For nearly three years, hostage negotiators held secret talks with Iran in an effort to free 56 Americans held captive by the Islamic Republic.
Jan. 15, 1980, American Col. Alan Cunningham is released from the Iranian Embassy in Tehran, Iran.
Feb. 18, 1981, 52 American hostages are released from the U.S. Embassy in Tehran. Many were released because of the bargaining power of the United States. Two CIA operatives are given safe passage out of Iran because the U.S. knew that negotiations were under way, and the pressure for the rest of the hostages to leave was dropping. One of the U.S. hostages, Richard Downes, a businessman, wrote a secret diary about his experience for National Geographic magazine.
Jan. 19, 1981, Ayatollah Ruhollah Khomeini calls off the negotiations and swears to eradicate the US from the Middle East.
Feb. 10, 1983, Iranian students storm the U.S. Embassy in Tehran and hold 52 hostages, and American officials agree to release two Iranian diplomats held in U.S. custody. Two of the Iranian diplomats, Khosrow Afghahi and Massoud Shadjareh, are given safe passage out of Iran because the U.S. knew that negotiations were under way, and the pressure for the rest of the hostages to leave was dropping. Two of the U.S. hostages, Richard Downes and John Risley, recce their respective rooms before leaving the building. (Photo by Jorge Rey/AFP/Getty Images)
March 16, 1983, Iran released the last 12 Americans in a successful rescue attempt. Thirty-six more Americans would die during the standoff.
Following negotiations and a ceasefire in Lebanon, the U.S. designated Quds Force commander Hossein Ali-Majid as the country’s third major enemy, joining Iraqi dictator Saddam Hussein and Hezbollah terrorists. He would ultimately bear the brunt of public anger for the hostage crisis.
Ambassador Hugo Chavez, left, listens as Ayatollah Khomeini addresses the nation on the release of U.S. hostages on March 20, 1983. (Photo by Trandull Carlin/AP)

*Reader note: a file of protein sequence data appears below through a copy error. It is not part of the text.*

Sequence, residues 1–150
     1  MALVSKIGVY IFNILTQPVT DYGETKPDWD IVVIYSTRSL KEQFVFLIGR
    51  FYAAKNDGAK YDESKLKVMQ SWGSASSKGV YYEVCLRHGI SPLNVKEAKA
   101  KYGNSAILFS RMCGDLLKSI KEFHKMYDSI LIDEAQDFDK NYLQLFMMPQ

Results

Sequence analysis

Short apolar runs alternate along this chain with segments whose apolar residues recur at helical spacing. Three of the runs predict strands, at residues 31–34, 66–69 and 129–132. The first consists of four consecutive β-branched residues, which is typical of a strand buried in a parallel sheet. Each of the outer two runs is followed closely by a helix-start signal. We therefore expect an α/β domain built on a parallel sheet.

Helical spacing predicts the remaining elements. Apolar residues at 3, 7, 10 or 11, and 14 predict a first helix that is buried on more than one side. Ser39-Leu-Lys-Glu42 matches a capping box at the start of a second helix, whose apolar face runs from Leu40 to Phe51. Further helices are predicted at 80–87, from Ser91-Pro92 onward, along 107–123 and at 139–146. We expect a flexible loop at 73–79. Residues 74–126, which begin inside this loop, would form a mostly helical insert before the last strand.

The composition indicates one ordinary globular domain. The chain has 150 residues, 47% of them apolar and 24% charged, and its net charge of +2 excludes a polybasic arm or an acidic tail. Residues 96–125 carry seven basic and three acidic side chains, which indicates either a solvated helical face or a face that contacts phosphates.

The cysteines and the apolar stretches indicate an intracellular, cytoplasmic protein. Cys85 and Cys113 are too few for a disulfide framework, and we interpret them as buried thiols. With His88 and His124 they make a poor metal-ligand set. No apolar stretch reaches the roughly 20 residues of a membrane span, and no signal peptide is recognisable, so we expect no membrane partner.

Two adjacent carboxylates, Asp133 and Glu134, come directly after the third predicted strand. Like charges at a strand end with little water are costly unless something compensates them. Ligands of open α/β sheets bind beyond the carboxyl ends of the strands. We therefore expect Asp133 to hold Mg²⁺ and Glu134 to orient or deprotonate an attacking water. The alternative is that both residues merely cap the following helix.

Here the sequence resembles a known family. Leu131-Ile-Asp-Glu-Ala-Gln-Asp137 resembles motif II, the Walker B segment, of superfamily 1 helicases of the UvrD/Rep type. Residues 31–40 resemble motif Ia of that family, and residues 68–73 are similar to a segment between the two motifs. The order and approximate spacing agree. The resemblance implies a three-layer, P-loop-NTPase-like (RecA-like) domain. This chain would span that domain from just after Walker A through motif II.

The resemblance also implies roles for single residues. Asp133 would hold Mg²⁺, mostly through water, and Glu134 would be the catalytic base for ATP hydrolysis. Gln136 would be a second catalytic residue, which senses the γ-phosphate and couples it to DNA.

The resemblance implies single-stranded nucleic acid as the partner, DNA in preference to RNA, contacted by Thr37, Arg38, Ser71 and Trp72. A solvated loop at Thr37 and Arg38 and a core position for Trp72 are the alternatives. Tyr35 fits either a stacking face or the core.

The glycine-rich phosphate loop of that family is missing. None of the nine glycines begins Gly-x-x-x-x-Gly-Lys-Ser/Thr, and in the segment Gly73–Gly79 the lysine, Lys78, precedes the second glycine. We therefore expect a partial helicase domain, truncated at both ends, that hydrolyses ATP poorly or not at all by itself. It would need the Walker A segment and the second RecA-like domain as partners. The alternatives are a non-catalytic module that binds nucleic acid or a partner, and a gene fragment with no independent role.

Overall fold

In 1993, American TV evangelist Pat Robertson began hosting a series of weekly “Countdown to Armageddon” radio broadcasts in which he laid out plans for “a large-scale war on international terrorism” and put responsibility for ending the Israel-Palestine conflict on Iran, Hamas and Hezbollah, as well as the Syrian government. American politicians who spoke on the show included Rudy Giuliani, Robert Dole, Richard Lugar and Newt Gingrich.
In July 1993, the U.S. introduced new sanctions against Iran for its support of international terrorism.
In 1998, Iranian President Mohammad Khatami met with U.S. President Bill Clinton and Prime Minister Tony Blair to discuss the release of American hostages in Lebanon. After two days of negotiations, Iran and the U.S. agreed to set up a joint working group to settle issues related to the hostages.
On April 30, 2005, Iran agreed to lift all of its cultural and financial sanctions against the U.S. as well as its support for terrorist groups. However, subsequent U.S. sanctions for supporting Iranian nuclear activities continue to ban most trade with Iran.
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On July 21, 2005, Secretary of State Condoleezza Rice announced that the U.S. would not demand or accept any conditions before Iran would drop its nuclear program and provide unfettered access to nuclear scientists. However, in his first public speech as president, Mahmoud Ahmadinejad said, “The nuclear issue is not negotiable. The world cannot tolerate a nuclear Israel.”
On September 22, 2009, Ahmadinejad attempted to open a branch of Swiss bank Credit Suisse in Tehran, but was prevented from doing so by security forces. The threat of prosecution for the bank’s own involvement in Iran’s nuclear program fueled widespread anger with the bank. The bank’s U.S. branches were forced to close by the U.S. Treasury Department on Dec. 2, 2012. The bank’s global networks were closed in early January 2014.
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